Nine Facts About Top Journals in Economics

34 Pages Posted: 5 Jan 2013 Last revised: 16 Oct 2014

See all articles by David Card

David Card

University of California, Berkeley - Department of Economics; Institute for the Study of Labor (IZA); National Bureau of Economic Research (NBER)

Stefano DellaVigna

University of California, Berkeley; National Bureau of Economic Research (NBER)

Date Written: January 2013

Abstract

How has publishing in top economics journals changed since 1970? Using a data set that combines information on all articles published in the top-5 journals from 1970 to 2012 with their Google Scholar citations, we identify nine key trends. First, annual submissions to the top-5 journals nearly doubled from 1990 to 2012. Second, the total number of articles published in these journals actually declined from 400 per year in the late 1970s to 300 per year most recently. As a result, the acceptance rate has fallen from 15% to 6%, with potential implications for the career progression of young scholars. Third, one journal, the American Economic Review, now accounts for 40% of top-5 publications, up from 25% in the 1970s. Fourth, recently published papers are on average 3 times longer than they were in the 1970s, contributing to the relative shortage of journal space. Fifth, the number of authors per paper has increased from 1.3 in 1970 to 2.3 in 2012, partly offsetting the fall in the number of articles per year. Sixth, citations for top-5 publications are high: among papers published in the late 1990s, the median number of Google Scholar citations is 200. Seventh, the ranking of journals by citations has remained relatively stable, with the notable exception of the Quarterly Journal of Economics, which climbed from fourth place to first place over the past three decades. Eighth, citation counts are significantly higher for longer papers and those written by more co-authors. Ninth, although the fraction of articles from different fields published in the top-5 has remained relatively stable, there are important cohort trends in the citations received by papers from different fields, with rising citations to more recent papers in Development and International, and declining citations to recent papers in Econometrics and Theory.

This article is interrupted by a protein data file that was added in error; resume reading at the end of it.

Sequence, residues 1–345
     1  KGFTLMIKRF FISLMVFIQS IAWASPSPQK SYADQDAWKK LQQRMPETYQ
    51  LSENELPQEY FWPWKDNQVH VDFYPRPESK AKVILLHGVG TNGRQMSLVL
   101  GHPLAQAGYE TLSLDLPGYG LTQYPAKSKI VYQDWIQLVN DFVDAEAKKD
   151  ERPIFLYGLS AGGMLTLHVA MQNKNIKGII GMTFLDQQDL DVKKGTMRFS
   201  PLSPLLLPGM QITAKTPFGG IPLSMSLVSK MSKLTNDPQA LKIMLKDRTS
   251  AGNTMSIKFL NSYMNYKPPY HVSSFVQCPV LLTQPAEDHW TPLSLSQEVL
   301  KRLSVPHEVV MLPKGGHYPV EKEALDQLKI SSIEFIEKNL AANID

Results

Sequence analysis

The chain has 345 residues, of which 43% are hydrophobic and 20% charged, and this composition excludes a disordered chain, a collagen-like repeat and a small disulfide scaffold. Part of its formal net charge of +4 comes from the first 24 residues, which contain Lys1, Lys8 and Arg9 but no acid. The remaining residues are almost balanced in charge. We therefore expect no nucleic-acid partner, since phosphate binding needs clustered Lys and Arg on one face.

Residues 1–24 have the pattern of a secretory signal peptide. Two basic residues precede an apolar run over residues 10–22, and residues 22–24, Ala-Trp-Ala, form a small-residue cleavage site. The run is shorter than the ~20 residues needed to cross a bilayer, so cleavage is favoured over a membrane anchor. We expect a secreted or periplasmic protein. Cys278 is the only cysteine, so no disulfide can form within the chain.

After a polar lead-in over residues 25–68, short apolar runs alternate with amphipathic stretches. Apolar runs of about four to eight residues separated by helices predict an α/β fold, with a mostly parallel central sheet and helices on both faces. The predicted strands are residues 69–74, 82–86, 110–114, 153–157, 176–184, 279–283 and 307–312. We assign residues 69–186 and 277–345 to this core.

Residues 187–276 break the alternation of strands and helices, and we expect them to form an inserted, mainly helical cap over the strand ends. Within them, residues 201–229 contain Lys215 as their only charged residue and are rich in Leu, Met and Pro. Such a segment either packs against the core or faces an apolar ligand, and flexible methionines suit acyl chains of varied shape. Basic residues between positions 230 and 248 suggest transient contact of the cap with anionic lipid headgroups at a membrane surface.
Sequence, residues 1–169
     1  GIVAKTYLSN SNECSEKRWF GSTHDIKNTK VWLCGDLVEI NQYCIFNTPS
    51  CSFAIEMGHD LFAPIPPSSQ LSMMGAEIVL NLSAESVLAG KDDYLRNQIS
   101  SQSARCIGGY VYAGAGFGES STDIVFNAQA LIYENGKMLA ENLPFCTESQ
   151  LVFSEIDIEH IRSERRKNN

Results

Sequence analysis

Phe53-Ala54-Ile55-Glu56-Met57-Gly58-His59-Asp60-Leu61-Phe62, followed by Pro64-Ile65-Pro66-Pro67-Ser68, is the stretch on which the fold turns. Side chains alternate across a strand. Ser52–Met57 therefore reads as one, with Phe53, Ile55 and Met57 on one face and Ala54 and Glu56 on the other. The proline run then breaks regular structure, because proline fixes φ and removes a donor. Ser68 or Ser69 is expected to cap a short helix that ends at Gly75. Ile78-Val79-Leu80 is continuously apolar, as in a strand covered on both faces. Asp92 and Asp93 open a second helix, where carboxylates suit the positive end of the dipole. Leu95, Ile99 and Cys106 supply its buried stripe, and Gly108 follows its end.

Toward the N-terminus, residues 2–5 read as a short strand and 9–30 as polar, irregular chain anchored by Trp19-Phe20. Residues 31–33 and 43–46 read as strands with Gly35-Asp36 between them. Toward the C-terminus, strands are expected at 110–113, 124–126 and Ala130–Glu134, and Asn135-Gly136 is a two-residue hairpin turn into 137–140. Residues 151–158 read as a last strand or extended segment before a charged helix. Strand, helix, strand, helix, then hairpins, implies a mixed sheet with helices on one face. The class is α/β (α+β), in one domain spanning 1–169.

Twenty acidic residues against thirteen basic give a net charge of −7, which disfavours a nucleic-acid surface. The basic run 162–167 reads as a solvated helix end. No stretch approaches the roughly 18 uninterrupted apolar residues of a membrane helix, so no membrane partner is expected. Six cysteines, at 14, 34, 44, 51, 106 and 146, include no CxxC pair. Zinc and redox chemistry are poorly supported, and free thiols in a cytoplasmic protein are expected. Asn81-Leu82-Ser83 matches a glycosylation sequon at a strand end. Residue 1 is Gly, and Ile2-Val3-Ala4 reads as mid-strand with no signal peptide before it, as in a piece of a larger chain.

Suggested Citation

Card, David E. and DellaVigna, Stefano, Nine Facts About Top Journals in Economics (January 2013). NBER Working Paper No. w18665, Available at SSRN: https://ssrn.com/abstract=2196731

David E. Card (Contact Author)

University of California, Berkeley - Department of Economics ( email )

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Stefano DellaVigna

University of California, Berkeley ( email )

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